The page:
Anaheim Ducks (45-30-7; 97)
The decision to trade away Chris Pronger was a major detriment to the Ducks’ blue line, but the Ducks feature a bunch of tough, two-way forwards, headlined by Getzlaf and Perry, and even though they have some uncertain in net, I find it hard to believe Giguere will be sitting on the bench all season long. They always prove to be a naggy postseason opponent no matter where they finish, proving so as the last team in this past season. They are only three seasons removed as champions, so big things might be in order.

Dallas Stars (39-34-9; 87)
Stars fans are hoping that least season was a fluke, marred by injury, chemistry problems, and a slow start, but by the looks of it, the Stars aren’t as good as they’ve been in years past. A lot of young players amassed high goal totals, but it also may have been a textbook case of young players playing over their heads. They’re not a very tough team, and a little bit of age could wear on them in Modano and Morrow. Turco’s career has been on a steady decline, just one factor contributing to disappointment in Big D.

Los Angeles Kings (31-39-12; 74)
Slowly but surely, the Kings are definitely improving and possibly creeping into the Western Conference playoff picture. Nor would it be particularly surprising if the Kings land back in the dearth of the Western Conference. Everything has to go right, and the biggest question is in goal with no proven commodities on that front. They added a little bit of veteran experience in Smyth and Scuderi, but that will not put Los Angeles over the top.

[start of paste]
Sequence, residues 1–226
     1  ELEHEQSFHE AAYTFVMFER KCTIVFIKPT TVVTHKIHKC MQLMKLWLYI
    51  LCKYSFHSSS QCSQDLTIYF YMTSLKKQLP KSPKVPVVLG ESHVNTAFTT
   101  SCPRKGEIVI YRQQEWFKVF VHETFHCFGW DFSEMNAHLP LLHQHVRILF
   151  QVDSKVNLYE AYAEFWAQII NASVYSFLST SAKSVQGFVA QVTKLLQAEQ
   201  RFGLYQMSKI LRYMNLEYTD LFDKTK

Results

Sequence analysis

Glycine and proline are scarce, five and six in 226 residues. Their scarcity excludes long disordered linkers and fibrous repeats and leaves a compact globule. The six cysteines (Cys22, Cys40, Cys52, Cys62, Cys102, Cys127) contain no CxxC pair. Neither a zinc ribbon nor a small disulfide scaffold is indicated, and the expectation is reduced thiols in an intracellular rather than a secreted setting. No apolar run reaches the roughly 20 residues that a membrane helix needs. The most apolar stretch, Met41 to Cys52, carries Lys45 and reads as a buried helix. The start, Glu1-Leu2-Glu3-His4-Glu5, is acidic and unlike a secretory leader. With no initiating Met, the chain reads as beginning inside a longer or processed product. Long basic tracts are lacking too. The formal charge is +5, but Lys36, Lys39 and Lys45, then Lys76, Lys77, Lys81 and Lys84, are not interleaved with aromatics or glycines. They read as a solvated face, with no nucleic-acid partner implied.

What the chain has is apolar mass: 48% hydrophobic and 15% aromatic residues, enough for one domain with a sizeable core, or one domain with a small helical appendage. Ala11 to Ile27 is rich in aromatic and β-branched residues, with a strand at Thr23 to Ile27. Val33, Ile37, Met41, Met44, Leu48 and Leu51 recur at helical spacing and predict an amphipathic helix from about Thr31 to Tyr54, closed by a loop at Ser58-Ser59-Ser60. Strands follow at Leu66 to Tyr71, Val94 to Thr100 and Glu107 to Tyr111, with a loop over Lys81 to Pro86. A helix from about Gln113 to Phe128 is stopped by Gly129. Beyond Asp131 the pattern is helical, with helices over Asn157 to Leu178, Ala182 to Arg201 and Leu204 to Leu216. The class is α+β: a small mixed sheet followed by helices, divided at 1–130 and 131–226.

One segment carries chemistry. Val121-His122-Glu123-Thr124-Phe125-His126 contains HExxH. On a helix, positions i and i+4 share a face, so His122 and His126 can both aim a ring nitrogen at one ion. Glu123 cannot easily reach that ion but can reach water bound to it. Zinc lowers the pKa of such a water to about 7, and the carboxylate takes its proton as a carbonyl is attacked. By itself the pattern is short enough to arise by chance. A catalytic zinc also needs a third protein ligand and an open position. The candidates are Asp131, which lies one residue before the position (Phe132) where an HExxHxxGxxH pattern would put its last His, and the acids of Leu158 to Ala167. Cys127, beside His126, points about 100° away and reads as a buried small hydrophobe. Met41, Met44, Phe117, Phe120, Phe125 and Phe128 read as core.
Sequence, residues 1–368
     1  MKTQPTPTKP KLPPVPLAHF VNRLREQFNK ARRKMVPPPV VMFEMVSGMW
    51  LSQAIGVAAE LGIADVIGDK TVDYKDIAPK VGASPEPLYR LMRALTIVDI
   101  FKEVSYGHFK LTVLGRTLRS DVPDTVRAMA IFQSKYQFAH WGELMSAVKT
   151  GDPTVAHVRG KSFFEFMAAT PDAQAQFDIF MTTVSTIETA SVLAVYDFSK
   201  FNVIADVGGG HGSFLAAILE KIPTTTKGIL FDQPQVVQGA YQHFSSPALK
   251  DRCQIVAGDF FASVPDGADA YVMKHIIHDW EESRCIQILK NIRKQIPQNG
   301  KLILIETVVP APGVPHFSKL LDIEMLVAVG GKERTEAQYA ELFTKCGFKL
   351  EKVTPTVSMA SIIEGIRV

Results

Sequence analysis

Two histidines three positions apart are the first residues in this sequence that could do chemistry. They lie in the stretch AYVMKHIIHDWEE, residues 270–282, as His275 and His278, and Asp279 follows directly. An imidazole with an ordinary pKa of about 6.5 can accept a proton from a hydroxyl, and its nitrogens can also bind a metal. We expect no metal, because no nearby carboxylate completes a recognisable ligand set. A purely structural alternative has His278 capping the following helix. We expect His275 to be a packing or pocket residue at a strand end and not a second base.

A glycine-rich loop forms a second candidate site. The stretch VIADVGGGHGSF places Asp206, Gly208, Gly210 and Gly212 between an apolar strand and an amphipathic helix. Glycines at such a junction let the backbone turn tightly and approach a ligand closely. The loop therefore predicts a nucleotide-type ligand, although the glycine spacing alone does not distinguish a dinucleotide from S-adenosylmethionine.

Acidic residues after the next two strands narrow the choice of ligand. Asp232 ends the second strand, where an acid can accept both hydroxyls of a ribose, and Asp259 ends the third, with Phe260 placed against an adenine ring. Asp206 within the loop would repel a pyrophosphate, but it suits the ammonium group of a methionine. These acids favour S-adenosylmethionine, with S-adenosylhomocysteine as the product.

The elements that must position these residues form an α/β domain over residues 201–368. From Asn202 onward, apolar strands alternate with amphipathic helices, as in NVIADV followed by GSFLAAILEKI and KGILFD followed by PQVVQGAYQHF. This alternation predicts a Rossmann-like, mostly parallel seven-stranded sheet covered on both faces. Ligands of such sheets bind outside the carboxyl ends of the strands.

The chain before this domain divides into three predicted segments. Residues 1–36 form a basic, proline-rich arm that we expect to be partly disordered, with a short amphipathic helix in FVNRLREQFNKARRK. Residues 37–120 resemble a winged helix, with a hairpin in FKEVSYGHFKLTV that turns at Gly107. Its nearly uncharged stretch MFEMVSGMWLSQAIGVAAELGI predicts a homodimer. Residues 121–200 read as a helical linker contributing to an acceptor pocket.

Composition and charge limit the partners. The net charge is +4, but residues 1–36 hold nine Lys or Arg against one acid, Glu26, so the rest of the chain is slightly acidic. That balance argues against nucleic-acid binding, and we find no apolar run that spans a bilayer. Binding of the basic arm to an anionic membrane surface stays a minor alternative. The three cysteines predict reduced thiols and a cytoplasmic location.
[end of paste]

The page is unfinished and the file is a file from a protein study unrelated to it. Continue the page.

They still will be pretty bad, but not nearly as bad as we’ve seen over the past few years.

Phoenix Coyotes (31-42-9; 71)
The good news is that the Coyotes have some young players that might turn into something one day, but it might not be in Phoenix. The franchise won’t be able to do anything on the ice or in the front office if they continue to have financial problems and bankruptcy hanging over their heads. When it comes to the team, they will be among the worst in the league, and though Shane Doan is still the main man, he is not surrounded by much. It’ll be a long process for the Coyotes, as this could be their last year in the desert.

All Western Conference First Team

F - Pavel Datsyuk, Detroit
F - Henrik Zetterberg, Detroit
F - Marian Hossa, Chicago
D - Nicklas Lidstrom, Detroit
D - Dan Boyle, San Jose
G - Roberto Luongo, Vancouver

All Western Conference Second Team

F - Rick Nash, Columbus
F - Daniel Sedin, Vancouver
F - Joe Thornton, San Jose
D - Dion Phaneuf, Calgary
D - Duncan Keith, Chicago
G - Niklas Backstrom, Minnesota

All Western Conference Third Team

F - Ryan Getzlaf, Anaheim
F - Dany Heatley, San Jose
F - Jonathan Toews, Chicago
D - Brian Rafalski, Detroit
D - Jay Bouwmeester, Calgary
G - Steve Mason, Columbus